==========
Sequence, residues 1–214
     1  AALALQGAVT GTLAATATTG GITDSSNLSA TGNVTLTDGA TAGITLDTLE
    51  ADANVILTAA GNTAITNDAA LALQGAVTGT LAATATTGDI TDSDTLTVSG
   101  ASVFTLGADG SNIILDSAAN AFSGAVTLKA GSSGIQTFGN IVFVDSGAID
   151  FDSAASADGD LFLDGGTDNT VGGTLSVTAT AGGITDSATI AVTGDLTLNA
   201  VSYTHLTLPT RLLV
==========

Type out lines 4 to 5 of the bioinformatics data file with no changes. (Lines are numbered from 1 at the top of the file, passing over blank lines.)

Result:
   101  ASVFTLGADG SNIILDSAAN AFSGAVTLKA GSSGIQTFGN IVFVDSGAID
   151  FDSAASADGD LFLDGGTDNT VGGTLSVTAT AGGITDSATI AVTGDLTLNA